The Supreme Court has ruled that a Manhattan prosecutor can get access to Donald Trump's tax returns, rejecting the US President's long-held claim to "absolute immunity" on the matter.
However, with the case returning to a lower court and any documents obtained being handed to a secret grand jury they are unlikely to be seen by voters before the November election.
In a second case on a related matter, the Supreme Court blocked an attempt by Democratic-controlled congressional committees to obtain Trump's financial documents, rebuffing the President's political opponents.
In that case the justices argued the subpoenas seeking a wide array of financial records linked to Trump were too broad in scope and were potentially open to abuse in the future.
The twin decisions handed down by America's top court painted a nuanced picture for Trump, who has resisted releasing his tax returns for years, breaking with precedent set by other recent presidents.
The court rejected the claim by Trump's lawyers that he should not have to hand over documents to a state-led criminal probe while in the White House - a clear defeat.
Yet that case returning to the lower courts and the decision to reject the Democrats' bid means no tax returns are likely to become public before the election - a short-term victory.
Trump struck a critical tone on Twitter after the decisions dropped, claiming "prosecutorial misconduct" and a "political witch hunt!"
The President suggested a narrower definition of executive powers was being applied to him than his predecessors, writing: "Courts in the past have given 'broad deference'. BUT NOT ME!"
The two cases ruled upon were both broadly about getting access to financial records linked to Trump but had very different specifics, hence the different decisions.
One case revolved around a Manhattan district attorney called Cyrus Vance's attempt to obtain eight years of financial records linked to Trump and his firms, including tax returns.
Trump's legal team argued that as sitting president he had an "absolute immunity" to state criminal proceedings and so did not need to hand over the documents.
The Supreme Court rejected that argument, outlining 200 years of history showing presidents agreeing to give documents in past criminal proceedings.
John Roberts, the chief justice, wrote in the majority opinion: "In our judicial system, 'the public has a right to every man's evidence'. Since the earliest days of the Republic, 'every man' has included the President of the United States."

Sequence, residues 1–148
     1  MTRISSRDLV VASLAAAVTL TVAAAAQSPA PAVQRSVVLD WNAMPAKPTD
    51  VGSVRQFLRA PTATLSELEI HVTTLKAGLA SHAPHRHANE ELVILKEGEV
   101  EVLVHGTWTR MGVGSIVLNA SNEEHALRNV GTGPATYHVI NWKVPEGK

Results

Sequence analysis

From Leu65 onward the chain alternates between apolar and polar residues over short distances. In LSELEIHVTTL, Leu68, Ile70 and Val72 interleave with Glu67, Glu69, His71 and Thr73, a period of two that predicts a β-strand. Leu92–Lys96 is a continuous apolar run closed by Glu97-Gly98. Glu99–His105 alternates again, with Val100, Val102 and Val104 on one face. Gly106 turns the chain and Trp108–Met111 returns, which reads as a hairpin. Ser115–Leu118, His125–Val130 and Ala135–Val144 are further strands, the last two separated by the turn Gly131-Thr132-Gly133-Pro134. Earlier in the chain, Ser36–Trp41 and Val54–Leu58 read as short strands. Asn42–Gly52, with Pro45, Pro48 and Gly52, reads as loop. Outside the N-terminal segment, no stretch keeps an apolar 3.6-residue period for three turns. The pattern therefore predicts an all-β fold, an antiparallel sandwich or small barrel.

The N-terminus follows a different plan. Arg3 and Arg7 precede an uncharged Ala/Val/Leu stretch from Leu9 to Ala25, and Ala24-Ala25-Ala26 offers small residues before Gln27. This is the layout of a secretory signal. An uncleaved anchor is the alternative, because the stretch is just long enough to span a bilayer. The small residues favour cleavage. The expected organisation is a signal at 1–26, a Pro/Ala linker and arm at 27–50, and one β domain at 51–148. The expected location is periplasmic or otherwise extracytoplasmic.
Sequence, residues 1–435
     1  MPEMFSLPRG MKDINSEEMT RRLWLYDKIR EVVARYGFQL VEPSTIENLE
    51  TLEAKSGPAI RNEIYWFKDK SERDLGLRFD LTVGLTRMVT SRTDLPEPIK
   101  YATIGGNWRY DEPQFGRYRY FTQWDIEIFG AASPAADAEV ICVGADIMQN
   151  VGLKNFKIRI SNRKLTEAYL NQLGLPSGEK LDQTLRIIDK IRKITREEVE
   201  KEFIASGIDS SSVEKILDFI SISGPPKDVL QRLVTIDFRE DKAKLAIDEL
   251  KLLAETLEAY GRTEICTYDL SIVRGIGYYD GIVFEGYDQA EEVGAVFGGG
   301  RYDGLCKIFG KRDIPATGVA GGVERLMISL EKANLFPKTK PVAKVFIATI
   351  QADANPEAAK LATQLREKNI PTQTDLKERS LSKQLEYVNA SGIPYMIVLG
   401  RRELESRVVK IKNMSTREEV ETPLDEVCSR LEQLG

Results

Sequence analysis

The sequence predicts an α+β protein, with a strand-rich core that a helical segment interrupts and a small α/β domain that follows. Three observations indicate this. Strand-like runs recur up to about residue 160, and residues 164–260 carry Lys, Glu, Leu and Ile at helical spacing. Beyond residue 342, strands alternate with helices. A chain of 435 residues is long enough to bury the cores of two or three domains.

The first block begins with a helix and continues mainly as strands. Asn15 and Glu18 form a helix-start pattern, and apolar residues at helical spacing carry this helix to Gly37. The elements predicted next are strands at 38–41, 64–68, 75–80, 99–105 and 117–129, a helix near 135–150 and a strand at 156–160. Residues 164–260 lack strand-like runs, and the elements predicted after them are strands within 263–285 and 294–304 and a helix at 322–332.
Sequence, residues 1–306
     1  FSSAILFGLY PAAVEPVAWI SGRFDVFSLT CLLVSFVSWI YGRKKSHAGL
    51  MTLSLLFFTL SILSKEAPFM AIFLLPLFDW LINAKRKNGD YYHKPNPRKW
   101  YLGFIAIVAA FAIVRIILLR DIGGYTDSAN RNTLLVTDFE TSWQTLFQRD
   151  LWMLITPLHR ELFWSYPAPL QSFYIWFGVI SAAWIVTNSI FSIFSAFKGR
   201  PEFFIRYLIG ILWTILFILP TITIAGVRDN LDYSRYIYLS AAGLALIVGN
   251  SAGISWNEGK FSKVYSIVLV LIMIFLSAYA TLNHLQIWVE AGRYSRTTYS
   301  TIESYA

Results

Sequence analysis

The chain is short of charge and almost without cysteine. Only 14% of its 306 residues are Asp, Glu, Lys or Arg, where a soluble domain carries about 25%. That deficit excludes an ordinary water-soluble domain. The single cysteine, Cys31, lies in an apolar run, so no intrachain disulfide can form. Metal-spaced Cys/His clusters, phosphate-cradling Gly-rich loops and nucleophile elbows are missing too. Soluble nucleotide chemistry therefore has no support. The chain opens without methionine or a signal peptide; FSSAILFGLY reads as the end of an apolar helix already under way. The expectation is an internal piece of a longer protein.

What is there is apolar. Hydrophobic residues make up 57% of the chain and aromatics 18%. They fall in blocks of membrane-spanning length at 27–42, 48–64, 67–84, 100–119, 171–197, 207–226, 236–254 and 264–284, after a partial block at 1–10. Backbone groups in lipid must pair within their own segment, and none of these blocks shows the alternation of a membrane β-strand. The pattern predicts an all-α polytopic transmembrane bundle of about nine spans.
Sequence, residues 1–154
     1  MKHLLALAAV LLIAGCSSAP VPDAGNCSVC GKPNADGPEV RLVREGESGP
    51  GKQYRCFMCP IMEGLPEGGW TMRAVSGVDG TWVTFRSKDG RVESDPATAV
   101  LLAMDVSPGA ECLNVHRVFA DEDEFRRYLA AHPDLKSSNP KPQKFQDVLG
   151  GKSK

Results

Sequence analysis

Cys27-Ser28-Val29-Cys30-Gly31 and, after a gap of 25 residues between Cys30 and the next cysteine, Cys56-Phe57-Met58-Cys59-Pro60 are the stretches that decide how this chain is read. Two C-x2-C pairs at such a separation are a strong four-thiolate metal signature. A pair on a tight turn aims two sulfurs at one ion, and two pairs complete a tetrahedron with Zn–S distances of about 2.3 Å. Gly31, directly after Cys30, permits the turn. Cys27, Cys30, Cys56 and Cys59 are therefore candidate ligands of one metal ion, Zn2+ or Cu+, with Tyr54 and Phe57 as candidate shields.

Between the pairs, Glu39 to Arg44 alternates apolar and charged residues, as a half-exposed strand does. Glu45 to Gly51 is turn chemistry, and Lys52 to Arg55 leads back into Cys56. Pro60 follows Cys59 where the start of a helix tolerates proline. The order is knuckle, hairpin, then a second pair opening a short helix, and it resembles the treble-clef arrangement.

He added later: "Two hundred years ago, a great jurist of our Court established that no citizen, not even the President, is categorically above the common duty to produce evidence when called upon in a criminal proceeding.
"We reaffirm that principle today and hold that the President is neither absolutely immune from state criminal subpoenas seeking his private papers nor entitled to a heightened standard of need."
The Supreme Court backed that position by seven justices to two, with both men appointed to the court by Trump - Brett Kavanaugh and Neil Gorsuch - going against the president.
The decision was a clear rejection of Trump's argument, clearing the way for eight years of his tax returns to be obtained by the Manhattan prosecutor.
However, that does not mean they will be seen in public any time soon. Given this is a criminal probe the documents would be handed to a secret grand jury and may never be released.
Nonetheless Vance issued a celebratory statement after the ruling: "This is a tremendous victory for our nation's system of justice and its founding principle that no one — not even a President — is above the law."
"Our investigation, which was delayed for almost a year by this lawsuit, will resume, guided as always by the grand jury's solemn obligation to follow the law and the facts, wherever they may lead."
The second case involved three House of Representatives committees, controlled by the Democrats, that were seeking different sets of financial documents linked to the president.
The Supreme Court, again by a 7-2 decision, blocked the move, arguing that the subpoenas were so wide in scope that they could set a precedent that could be open to abuse in the future.
With less than 130 days before the election, voters are now unlikely to see Trump's tax returns through either of these routes before they decide on whether he should have a second term.